Employment websites make it easy for employers to post jobs, and also very easy for applicants to submit applications. Applicants can send many applications in a short time, and also have their resumes auto-sent when new positions are posted. This reduces the average quality of applications, since people are applying for jobs randomly; these applicants work according to the “law of large numbers” – they send many applications, hoping that at least one will make it past to the hiring manager.
Unfortunately, an applicant working on “big numbers” is easy to spot. The quality of the application tends to be lower – it is hard to send high-quality, tailored applications when one is focusing on large numbers.
Now put that idea on hold for a moment as I tell you about my experience publishing job listings: in addition to posting on employment websites, I also posted on my company’s website. Applications through the company website were far fewer but of much higher quality.
How was I able to spot which applicant saw which listing? Applicants that saw the listing on the employment website opened their emails with “I am applying for position X as advertised on indeed.ca…” Those who saw the listing on the company website, opened with “I am applying for position X as advertised on your website.”
Applicants who came through the website got more attention. Why? When someone responds to a job listed on the company website, I know that they at least saw the website and have some interest in the company; they aren’t sending resumes indiscriminately. Therefore, apply for any job through the employer’s website if possible.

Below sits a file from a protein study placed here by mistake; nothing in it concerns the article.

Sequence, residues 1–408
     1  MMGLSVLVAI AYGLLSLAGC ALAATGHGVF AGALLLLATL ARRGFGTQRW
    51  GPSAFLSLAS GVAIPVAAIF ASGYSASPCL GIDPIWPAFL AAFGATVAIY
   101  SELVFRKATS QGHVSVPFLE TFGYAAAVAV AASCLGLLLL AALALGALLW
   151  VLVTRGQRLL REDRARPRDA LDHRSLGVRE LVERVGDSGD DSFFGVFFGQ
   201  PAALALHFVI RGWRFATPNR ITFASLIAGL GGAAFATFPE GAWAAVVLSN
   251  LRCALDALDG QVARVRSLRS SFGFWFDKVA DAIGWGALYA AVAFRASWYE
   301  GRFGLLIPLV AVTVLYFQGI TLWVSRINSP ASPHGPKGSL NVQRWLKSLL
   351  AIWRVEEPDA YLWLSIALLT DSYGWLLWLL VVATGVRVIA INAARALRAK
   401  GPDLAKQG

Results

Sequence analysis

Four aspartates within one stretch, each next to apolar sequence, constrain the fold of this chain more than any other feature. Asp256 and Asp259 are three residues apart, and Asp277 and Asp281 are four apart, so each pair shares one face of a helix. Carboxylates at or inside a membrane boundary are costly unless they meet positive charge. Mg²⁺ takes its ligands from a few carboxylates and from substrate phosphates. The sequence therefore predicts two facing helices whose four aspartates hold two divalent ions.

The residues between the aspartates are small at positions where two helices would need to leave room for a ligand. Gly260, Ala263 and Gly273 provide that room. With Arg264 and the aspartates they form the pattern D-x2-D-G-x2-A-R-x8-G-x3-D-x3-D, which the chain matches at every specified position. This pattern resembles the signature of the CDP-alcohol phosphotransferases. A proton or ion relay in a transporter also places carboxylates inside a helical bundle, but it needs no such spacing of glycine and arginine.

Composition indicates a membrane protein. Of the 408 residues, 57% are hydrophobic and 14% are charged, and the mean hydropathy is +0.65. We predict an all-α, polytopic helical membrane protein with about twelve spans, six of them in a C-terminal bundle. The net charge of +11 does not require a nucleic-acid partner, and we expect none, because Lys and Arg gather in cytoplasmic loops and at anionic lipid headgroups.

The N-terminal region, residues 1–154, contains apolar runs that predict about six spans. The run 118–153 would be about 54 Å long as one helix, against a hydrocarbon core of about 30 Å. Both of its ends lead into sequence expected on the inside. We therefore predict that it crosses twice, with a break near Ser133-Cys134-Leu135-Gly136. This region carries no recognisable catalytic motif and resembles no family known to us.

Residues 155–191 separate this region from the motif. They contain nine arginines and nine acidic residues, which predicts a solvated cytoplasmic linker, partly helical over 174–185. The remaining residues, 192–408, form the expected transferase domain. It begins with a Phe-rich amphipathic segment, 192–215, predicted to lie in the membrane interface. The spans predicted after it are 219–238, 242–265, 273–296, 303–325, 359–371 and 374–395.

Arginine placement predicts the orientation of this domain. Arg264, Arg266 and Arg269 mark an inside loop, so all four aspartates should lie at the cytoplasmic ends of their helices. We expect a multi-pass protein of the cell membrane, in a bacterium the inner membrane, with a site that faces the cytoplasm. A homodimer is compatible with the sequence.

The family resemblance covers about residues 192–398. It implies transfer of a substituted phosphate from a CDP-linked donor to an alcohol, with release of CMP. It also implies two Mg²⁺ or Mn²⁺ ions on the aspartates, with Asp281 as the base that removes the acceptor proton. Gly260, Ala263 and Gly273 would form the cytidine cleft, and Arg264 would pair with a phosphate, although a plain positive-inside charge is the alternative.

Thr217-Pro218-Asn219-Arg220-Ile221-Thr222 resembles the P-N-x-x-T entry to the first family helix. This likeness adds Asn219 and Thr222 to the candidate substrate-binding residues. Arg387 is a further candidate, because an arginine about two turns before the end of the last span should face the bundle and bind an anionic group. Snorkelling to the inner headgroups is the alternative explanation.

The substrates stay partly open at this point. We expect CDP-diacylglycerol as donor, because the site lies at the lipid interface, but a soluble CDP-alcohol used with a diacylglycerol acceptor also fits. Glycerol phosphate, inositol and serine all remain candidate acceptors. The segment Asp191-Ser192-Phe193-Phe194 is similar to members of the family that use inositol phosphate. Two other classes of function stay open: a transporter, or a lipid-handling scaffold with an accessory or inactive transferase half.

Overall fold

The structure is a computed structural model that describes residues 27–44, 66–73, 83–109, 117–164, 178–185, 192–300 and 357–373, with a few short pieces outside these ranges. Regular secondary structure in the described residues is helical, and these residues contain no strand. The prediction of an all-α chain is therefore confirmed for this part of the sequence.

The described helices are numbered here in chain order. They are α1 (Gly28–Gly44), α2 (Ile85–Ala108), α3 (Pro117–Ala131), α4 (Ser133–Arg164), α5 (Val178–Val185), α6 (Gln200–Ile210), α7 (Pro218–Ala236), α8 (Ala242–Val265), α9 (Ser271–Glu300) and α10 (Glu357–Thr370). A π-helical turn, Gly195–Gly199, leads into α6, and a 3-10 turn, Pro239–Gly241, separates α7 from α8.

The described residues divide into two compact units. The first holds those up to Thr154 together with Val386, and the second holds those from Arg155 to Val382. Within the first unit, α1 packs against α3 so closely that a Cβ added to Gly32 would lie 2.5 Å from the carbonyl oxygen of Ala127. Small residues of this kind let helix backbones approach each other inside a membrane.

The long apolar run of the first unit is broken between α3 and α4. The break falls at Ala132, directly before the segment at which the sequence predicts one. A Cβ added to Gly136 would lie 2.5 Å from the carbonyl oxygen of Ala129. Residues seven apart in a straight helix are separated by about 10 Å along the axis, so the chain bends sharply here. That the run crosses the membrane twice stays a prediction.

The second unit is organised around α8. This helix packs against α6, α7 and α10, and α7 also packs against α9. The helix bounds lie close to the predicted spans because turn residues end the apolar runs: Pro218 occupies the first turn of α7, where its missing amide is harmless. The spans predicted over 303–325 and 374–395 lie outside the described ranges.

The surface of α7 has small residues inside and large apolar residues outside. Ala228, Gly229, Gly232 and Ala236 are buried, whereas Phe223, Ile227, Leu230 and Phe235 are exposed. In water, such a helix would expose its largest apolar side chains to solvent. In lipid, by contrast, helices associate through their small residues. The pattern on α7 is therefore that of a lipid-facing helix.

Suppose that you see a job you’re interested in listed on a generic employment website and the name of the employer is provided. Go to the employer’s website to check if they are posting it there as well. If they are, include the following sentence in the opening of your email: “I am applying for position X as advertised on your website.” And you thought that the opening line of an application email was just a formality! If the name of the employer is not provided, try to google a distinctive section from the job description. The search might bring up a page with the exact same listing, just on a company website.
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